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  • Mapuche women take part in a resistance march in Santiago, Chile Oct. 12, 2015.

    Mapuche women take part in a resistance march in Santiago, Chile Oct. 12, 2015. | Photo: EFE

Temuco, home to one of Chile’s largest Mapuche communities, has been the site of rising conflict between Indigenous militants and police.

Recently-jailed members of Chile’s Indigenous Mapuche community released a statement Saturday celebrating ongoing campaigns against police terror and land privatization.

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Slamming the Chilean government, which they claim is “servile to the interests of transnational business,” the incarcerated leaders said police are attacking their people at unprecedented levels.

Despite these attacks, Mapuche militants are successfully reclaiming and rebuilding stolen lands.

“Day by day our communities are fighting to rebuild and advance territorially, recovering our lands usurped by the forest industry and the latifundio,” the Mapuche leaders said in the statement.

“This progress is undeniable and our people are unstoppable. New generations have become aware of the need to protect ourselves and have shaken the submission and colonialism that have oppressed our parents and grandparents.”

Temuco, home to one of Chile’s largest Mapuche communities, has been the site of rising conflict between Indigenous militants and police. On March 18, violence erupted between both groups during a protest calling on law enforcement to stop violence against their youth.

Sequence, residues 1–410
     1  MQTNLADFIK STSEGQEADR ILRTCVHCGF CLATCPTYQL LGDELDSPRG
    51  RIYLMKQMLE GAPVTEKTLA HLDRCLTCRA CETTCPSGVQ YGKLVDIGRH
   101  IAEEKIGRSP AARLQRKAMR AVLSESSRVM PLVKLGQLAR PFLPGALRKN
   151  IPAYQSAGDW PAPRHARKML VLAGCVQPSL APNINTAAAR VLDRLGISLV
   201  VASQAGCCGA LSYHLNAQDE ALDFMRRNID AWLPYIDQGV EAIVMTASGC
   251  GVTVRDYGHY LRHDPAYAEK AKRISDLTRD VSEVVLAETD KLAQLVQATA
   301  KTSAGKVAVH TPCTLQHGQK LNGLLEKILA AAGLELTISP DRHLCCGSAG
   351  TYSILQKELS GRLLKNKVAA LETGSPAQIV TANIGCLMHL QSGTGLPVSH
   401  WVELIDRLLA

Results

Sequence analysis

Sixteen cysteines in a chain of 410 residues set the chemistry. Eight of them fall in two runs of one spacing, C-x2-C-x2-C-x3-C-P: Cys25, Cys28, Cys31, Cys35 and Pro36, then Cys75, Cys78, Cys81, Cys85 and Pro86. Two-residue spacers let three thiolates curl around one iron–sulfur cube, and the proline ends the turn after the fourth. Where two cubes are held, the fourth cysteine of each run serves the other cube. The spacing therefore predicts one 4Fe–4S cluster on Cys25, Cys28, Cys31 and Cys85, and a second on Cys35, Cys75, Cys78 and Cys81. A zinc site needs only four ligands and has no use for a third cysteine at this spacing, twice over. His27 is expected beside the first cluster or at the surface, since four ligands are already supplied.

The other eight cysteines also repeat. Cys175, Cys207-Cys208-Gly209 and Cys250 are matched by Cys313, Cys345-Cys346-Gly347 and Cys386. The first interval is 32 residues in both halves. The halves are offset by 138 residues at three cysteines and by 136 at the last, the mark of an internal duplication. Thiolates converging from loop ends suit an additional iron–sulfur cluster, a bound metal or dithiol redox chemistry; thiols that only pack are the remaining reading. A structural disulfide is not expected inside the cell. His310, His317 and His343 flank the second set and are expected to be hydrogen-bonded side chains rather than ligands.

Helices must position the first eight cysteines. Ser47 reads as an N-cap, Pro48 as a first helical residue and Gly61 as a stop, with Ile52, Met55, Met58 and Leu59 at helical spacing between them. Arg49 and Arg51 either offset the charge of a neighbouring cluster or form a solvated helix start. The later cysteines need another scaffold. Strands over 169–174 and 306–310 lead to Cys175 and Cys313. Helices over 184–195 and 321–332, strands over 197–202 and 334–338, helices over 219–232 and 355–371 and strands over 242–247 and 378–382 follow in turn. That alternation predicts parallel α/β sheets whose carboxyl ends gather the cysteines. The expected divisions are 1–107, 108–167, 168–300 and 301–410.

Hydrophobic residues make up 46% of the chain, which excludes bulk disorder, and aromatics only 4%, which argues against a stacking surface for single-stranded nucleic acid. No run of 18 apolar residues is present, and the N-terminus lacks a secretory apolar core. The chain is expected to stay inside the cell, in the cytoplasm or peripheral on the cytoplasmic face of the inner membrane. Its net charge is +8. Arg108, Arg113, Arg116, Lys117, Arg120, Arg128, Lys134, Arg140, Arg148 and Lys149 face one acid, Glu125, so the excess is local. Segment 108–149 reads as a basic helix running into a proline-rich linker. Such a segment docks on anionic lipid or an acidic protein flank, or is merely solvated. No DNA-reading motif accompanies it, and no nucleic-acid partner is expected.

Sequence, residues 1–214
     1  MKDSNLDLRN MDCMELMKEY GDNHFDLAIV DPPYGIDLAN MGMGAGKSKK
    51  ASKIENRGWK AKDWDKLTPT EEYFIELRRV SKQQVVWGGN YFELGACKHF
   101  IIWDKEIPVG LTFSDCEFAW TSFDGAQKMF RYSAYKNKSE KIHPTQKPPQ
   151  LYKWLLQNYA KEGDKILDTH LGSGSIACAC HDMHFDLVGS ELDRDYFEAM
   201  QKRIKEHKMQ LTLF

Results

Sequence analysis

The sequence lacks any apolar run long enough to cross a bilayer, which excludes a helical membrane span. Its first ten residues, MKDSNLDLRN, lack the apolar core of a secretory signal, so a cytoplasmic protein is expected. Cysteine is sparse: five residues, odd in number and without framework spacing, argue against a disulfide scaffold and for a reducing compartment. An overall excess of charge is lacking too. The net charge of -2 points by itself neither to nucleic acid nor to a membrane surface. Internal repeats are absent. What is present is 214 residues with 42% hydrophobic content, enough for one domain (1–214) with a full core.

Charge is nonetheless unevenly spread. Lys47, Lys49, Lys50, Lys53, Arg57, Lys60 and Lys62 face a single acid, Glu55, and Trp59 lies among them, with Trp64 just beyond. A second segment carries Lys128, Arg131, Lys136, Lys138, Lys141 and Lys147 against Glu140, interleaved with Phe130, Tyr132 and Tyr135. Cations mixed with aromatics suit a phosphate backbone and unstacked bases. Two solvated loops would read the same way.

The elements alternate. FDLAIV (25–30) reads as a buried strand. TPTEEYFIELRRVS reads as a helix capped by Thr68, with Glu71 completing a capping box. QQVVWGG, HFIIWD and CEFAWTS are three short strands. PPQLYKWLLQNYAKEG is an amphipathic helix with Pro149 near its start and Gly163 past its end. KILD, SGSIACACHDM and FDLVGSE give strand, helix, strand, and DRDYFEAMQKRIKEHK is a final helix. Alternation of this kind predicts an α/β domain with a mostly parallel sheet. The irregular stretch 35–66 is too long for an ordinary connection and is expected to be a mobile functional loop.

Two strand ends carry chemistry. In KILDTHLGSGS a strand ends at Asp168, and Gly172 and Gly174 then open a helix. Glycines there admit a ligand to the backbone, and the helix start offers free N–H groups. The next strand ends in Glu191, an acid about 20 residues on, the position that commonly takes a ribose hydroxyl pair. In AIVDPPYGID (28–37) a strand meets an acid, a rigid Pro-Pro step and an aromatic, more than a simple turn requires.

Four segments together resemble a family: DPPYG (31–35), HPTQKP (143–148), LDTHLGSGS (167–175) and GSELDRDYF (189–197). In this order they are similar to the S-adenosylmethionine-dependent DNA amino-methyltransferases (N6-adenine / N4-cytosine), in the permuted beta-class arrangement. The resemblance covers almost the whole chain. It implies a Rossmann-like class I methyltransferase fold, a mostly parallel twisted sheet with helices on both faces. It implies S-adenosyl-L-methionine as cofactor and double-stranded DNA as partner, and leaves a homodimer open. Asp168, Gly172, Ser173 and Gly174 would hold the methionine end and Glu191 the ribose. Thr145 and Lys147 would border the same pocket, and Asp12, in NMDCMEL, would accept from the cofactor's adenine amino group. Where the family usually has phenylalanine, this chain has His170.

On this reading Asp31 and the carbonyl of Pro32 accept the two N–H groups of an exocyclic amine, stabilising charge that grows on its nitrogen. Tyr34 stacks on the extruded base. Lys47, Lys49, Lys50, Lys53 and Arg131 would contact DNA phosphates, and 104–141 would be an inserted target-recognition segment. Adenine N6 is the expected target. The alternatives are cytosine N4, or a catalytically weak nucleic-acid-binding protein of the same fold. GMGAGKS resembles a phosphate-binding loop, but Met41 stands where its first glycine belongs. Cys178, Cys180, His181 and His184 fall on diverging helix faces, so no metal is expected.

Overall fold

The protest was organized by the parents of Brandon Hernandez, a 17-year-old Mapuche student who was shot by police last December. Chilean police Sergeant Cristian Rivera shot Brandon in the back with a shotgun, leaving him in critical condition.

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Rivera, who was temporarily detained for the incident, has since been released after national prosecutors determined that the shooting was an “accident.” Rivera’s release has reignited protests against Chilean law enforcement.

Mapuche militants have also ramped up pressure against multinational corporations occupying their ancestral lands.

Last month, the Mapuche Arauco-Malleco Coordination, or CAM, led an arson attack that left 19 trucks burned. The attack, directed at the affluent Trans-Cavalieri transport company in Temuco, resulted in losses of about US$3 million for the business. The CAM also lit nine flatbeds on fire as well as a warehouse on the route that links Temuco with other cities.

The Indigenous militants claim the attack was made in retaliation to the “capitalist invaders” who don’t respect the territory and the autonomy of the Mapuche.

“In spite of repression, we are not defeated and from here we denounce the reality that is lived in our communities,” Mapuche leaders also said in the statement.

“We are fighting for our freedom and dignified prison conditions.”

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